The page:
Stella Sokol always used to tell us kids that prayers were not always answered and there is a good reason why. However, she was never able to give us any reason other than “because they are or they are not.”
Sensing that I was alone, I flipped on the light switch and looked at the room I’d taken refuge in.
Saint Theresa had come through like gangbusters.
I said a quick thanks and walked into the tiny space to observe a bed, which looked as if it’d been squeezed into the tiny place, and an olive drab duffel bag lying on the floor with clothing spewing out. What originally caught my attention was the pair of white sneakers, a pair of white slacks and a white shirt with the epaulets on the shoulders-exactly like mine.
Exactly like Rico’s, Betty’s and Kristina’s.
A crew nursing uniform.
I leaned closer to a box that was turned upside down for a makeshift table. Framed in brass and silver was the photo of Jackie, Betty and Remy-all smiling-and him wearing a salmon-colored tee shirt that said BERMUDA on the front in bold yellow.
Remy Girard was indeed alive and living on this ship!
My hand flew to my mouth to stifle a gasp although I felt sure no one was around to hear me. After my hand stopped shaking, I decided I needed to report my find to the safety officer and in turn the FBI. But first I took a few shots with my beeper camera. Remy easily could have killed Jackie and no one would have known, since he was missing and thought dead. He must have kept the extra key in the kitchenette in case he lost one or had to jump ship and come back in disguise.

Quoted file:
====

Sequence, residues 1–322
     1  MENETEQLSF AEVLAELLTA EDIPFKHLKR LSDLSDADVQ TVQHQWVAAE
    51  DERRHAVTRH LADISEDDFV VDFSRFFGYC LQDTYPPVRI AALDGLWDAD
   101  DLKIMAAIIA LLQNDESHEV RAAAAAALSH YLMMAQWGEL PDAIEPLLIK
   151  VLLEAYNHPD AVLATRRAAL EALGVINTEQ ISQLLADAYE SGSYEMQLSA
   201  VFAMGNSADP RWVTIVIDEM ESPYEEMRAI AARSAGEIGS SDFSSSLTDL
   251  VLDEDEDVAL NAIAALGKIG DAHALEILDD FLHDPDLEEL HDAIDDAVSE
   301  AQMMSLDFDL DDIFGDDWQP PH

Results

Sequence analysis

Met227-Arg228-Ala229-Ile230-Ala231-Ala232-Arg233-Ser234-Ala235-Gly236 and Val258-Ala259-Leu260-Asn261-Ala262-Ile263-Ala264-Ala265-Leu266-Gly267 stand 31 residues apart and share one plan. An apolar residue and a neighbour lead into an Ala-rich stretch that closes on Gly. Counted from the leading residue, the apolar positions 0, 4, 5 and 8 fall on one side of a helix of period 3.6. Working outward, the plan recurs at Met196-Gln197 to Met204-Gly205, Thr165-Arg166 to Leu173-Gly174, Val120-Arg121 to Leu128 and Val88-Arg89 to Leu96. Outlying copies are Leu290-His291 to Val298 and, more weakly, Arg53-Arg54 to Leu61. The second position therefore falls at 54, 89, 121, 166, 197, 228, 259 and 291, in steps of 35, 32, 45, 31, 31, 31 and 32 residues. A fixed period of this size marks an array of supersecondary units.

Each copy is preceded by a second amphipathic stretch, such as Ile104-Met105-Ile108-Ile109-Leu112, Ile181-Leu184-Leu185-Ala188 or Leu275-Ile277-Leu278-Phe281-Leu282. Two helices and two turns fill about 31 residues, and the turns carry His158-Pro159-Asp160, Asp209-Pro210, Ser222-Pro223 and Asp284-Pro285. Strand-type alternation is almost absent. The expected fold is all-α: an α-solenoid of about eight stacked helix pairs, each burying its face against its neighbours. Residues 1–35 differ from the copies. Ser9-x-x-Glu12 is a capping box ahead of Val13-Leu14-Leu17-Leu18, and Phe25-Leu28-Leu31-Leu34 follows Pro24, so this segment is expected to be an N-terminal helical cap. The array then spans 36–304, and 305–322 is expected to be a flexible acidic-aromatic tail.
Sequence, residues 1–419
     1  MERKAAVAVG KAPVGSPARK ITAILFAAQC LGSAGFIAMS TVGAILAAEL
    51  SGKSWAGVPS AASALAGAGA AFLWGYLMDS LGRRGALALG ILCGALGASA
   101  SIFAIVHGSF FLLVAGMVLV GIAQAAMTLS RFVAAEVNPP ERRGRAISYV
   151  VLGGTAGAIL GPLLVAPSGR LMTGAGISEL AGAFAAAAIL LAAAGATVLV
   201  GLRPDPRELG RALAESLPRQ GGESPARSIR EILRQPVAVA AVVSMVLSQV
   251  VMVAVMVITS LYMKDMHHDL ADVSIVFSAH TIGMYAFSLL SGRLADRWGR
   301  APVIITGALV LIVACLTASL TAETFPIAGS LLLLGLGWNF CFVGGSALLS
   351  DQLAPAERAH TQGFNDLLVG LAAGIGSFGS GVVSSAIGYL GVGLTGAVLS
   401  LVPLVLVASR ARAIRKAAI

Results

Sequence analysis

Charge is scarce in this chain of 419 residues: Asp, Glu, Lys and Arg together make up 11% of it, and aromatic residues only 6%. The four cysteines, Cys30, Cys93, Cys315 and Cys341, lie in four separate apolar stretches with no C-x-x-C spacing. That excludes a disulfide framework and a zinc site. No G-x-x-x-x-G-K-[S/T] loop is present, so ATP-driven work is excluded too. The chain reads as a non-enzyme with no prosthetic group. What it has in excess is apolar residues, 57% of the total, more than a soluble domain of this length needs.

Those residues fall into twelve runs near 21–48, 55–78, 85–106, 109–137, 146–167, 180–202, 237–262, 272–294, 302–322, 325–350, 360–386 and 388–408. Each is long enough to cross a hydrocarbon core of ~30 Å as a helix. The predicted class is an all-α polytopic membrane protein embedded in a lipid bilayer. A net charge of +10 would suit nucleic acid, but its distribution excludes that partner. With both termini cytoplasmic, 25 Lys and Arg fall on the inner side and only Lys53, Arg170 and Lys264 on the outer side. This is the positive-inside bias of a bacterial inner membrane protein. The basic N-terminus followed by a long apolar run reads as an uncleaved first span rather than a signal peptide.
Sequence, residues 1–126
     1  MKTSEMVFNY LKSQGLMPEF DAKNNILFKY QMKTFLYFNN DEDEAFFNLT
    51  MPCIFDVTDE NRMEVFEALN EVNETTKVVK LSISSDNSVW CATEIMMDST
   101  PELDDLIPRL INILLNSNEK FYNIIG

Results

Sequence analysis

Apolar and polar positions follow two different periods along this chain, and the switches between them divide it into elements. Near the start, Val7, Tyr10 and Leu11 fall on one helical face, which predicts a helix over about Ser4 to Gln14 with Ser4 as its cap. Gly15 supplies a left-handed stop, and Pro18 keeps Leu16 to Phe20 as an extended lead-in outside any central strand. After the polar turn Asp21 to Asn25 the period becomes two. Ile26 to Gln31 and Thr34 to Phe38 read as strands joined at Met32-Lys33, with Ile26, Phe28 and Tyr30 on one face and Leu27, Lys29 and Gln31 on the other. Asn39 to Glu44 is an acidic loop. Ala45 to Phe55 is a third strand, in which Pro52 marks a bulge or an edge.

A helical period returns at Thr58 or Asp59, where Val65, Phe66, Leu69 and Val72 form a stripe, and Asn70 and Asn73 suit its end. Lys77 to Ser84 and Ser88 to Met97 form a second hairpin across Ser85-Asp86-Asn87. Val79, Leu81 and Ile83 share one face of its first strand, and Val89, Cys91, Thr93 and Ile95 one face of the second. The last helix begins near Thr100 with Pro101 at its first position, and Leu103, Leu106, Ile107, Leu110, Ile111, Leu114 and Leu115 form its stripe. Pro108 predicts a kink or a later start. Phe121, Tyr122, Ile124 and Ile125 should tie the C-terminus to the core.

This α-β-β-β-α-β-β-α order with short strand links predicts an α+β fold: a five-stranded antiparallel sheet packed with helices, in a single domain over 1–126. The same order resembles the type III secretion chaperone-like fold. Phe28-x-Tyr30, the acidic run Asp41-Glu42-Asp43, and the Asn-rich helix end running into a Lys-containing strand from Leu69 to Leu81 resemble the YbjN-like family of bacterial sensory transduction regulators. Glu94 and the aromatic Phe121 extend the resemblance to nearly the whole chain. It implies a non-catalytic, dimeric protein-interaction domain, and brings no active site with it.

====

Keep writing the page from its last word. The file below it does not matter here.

How clever the guy must be.
Clever enough to be running an insurance-fraud scam from the bowels of the Golden Dolphin-and nearly getting away with murder.
It only took me forty-eight minutes to find my way back to the main body of the ship and to ask where the safety officer’s office was. A few times I had to duck into the nearest open door when I thought I heard someone behind me. No one could be following me, because, after all, how could they know who I was? Before I knew it, I was telling William Benoit, the safety officer; the captain and the FBI suits about my find. I told them who I really was and turned over the key to the blond one.
I was ready to defend myself in case they thought I was a nutcase, but Captain Duarte said they had known who I was from the beginning. I was floored, but realized Jagger must have something to do with that (and well, this was the FBI). I imagined they even knew about all the parking tickets I’d gotten throughout the years.
Obviously Jagger had told them to protect me, or right now I think I’d be sitting in some uncomfortable straight chair beneath a naked lightbulb in a dark room, facing interrogation by Miami’s finest and the FBI crew.
Hmm. If Jagger had shared his cover with them, how come he’d gotten thrown off the ship? Was that a cover too? Was I going to “run into” him in some darkened hallway one of these nights?
One never knew, where Jagger was concerned.